Are they really crofters?
At the evidence taking session on the Crofting (Amendment) (Scotland) Bill on 15th May the Convenor, Rob Gibson MSP, asked whether there were any views on my argument that the Bill is not needed?
Richard Frew stated:-
Yes—we have considered Brian Inkster’s view. It is not surprising that different people reach different conclusions on the issue, as a number of people who are involved in this have done. It is clear to us that, although that issue is worth considering, section 23(10) of the 1993 Act clearly sets out that a croft is not vacant if an owner-occupier crofter is on the croft.
Unfortunately, Richard Frew ignores any exploration of section 23(12A) of the 1993 Act but there again that has been a continual failing of both the Crofting Commission and the Scottish Government throughout this process. However, Derek Flyn took up the cudgel on section 23(12A):-
When I brought the matter to the Crofting Commission’s attention, Brian Inkster’s response was pretty immediate. However, having looked very closely at the Crofters (Scotland) Act 1993, as amended, I think that he has missed one thing. The requirement for an owner-occupier to report to the Commission within a month of becoming an owner-occupier is contained in section 23(12) of the 1993 Act, but there is also section 23(12A), which seems to talk about an owner-occupier crofter as a subset of owner-occupiers.
I am sorry—I realise that the issue is complicated, and I know that most people’s eyes glaze over when I start to talk about it. The point is that owner-occupiers are not entitled to occupy their crofts, which can therefore be held to be vacant, and they can be asked to take tenants. However, owner-occupier crofters are entitled to occupy their crofts and must intimate to the Commission the fact that they are owner-occupier crofters. Instead of their being persons who have to give notice, they are persons who give notice as owner-occupiers as well as intimating the fact that they are owner-occupier crofters. I think that Brian Inkster has missed the fact that owner-occupier crofters are a subset of owner-occupiers. The matter is very complicated but, having looked at it many times since Christmas, I cannot see how one can be persuaded that an owner-occupier crofter could have a vacant croft.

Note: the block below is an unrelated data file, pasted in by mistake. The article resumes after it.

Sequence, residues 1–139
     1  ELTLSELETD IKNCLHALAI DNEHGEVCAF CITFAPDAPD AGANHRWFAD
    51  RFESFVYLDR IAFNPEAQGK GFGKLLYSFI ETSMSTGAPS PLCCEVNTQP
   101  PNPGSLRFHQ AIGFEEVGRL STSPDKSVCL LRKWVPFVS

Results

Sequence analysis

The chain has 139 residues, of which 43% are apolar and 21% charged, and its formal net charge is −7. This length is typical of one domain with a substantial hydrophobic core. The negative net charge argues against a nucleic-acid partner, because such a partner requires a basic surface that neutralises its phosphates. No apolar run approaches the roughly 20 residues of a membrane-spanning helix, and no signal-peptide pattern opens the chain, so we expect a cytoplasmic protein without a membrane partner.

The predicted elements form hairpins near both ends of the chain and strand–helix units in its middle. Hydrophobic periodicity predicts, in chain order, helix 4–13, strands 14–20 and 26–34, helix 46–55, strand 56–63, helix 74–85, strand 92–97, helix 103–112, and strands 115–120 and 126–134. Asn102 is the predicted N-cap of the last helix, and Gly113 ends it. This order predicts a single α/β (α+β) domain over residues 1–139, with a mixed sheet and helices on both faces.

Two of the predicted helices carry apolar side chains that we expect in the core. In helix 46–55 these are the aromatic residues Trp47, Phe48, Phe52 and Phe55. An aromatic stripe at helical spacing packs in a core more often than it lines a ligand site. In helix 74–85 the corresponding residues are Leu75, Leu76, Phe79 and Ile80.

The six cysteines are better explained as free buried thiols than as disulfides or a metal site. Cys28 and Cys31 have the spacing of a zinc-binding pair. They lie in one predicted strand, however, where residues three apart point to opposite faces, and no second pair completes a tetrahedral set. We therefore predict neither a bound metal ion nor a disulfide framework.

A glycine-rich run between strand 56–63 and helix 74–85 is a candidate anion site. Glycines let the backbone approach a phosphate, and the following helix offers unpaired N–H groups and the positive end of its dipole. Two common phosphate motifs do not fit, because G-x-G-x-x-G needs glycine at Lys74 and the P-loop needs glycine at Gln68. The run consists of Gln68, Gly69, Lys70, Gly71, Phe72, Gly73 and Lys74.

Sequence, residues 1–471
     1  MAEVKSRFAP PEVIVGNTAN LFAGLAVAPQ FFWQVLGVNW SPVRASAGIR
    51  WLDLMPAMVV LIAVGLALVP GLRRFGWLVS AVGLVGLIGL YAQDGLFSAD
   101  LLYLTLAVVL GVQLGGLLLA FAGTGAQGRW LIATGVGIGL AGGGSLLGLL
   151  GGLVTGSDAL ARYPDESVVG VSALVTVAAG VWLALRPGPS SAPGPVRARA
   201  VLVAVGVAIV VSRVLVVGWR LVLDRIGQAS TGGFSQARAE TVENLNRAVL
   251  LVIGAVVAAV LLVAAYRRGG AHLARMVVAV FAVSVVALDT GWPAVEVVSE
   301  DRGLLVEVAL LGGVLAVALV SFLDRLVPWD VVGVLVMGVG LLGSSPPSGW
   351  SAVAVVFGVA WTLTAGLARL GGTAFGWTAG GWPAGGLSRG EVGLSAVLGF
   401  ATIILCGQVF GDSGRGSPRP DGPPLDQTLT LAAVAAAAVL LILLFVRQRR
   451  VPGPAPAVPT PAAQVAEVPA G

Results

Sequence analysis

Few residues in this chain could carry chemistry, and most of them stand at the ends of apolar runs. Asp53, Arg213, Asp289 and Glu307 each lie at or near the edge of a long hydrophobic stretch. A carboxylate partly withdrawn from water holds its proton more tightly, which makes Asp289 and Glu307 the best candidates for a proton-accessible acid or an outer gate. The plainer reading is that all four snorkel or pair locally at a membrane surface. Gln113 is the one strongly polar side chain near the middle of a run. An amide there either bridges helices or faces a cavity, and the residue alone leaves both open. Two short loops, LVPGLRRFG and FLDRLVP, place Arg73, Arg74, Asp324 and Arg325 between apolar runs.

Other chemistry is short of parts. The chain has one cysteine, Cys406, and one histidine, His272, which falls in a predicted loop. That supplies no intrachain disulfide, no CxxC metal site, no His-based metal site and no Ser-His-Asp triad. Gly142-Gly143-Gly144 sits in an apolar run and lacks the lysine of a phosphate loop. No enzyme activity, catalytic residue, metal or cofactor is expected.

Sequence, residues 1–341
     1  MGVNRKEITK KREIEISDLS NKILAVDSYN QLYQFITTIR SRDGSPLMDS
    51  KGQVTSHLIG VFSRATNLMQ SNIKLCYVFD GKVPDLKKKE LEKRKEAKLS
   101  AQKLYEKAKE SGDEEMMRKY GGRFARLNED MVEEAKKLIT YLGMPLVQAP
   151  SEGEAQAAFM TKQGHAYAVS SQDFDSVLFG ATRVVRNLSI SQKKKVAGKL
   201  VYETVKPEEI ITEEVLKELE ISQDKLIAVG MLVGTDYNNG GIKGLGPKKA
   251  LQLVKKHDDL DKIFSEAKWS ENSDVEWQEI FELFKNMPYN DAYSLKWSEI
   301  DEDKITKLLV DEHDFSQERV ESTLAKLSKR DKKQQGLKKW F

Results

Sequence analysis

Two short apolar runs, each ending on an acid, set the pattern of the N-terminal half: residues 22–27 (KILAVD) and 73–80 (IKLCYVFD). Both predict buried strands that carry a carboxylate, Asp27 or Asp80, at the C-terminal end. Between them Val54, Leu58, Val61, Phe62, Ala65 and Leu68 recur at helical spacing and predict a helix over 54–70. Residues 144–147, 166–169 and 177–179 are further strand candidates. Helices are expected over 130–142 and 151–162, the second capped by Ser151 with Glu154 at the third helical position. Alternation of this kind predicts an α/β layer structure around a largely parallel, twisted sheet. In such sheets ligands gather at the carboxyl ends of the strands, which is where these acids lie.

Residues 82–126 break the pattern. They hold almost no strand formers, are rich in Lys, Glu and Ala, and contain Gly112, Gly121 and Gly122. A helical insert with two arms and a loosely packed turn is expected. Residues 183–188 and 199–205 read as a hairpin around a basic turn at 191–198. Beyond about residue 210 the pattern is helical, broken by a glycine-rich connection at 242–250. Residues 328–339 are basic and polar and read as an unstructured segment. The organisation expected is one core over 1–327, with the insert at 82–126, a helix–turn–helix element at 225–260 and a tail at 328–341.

The two things that are needed for decrofting are an application by a landlord or landowner and a vacant croft. Although an owner-occupier crofter could be seen as a landlord under the legislation, he certainly could not have a vacant croft.
If your eyes have not glazed over and you are still reading this then I do not believe that owner-occupier crofters are a sub-set of owner-occupiers. Indeed to the contrary an owner-occupier crofter appears to have received special status by way of the Crofting Reform (Scotland) Act 2010 setting them into a category of their own that is very distinct from owner-occupiers. You need look no further than the current controversy over problems associated with applications to decroft by owner-occupiers as opposed to by owner-occupier crofters.
Section 23(12A) is one of those deeming provisions in the 1993 Act which often seem to cause difficulties in understanding and interpretation. It quite simply deems an owner-occupier crofter to have a vacant croft for the purposes of decrofting under section 24(3) of the 1993 Act. If that is not the purpose and intent of section 23(12A) what does that section actually do and why was it introduced by the 2010 Act?
However, as Sir Crispin Agnew QC diplomatically put it:-
I think that the Bill will solve the particular problem by making it clear that the Crofting Commission can decroft owner-occupier crofts. Brian Inkster might well be right but Derek Flyn might well be right that he is wrong. Until a case has gone to the Land Court and it has made a determination, it is sensible to clarify the situation for the avoidance of doubt.
That is indeed where we are at and we shouldn’t, at the moment, whilst some redrafting of the Bill is necessary and hopefully in hand, spend much time debating whether or not the Bill was necessary. There may be a place for a post mortem after the Bill becomes an Act to see if things could have been done differently by the Crofting Commission and or the Scottish Government when the ‘problem’ first manifested itself. From that lessons may be learned for the future to hopefully avoid such a situation arising again.
[NB: This blog post forms part of Submissions (Part 3) by Brian Inkster on the Crofting (Amendment) (Scotland) Bill. See Crofting is not a perfect world and The Crofting Law Hydra which both also form part of those Submissions (Part 3). In addition see Submissions (Part 1): A Sledge Hammer to Crack a Nut; and Submissions (Part 2): An Alternative Crofting (Amendment) (Scotland) Bill]
[Picture Credit: SUbSET via The Presidents of the United States of America]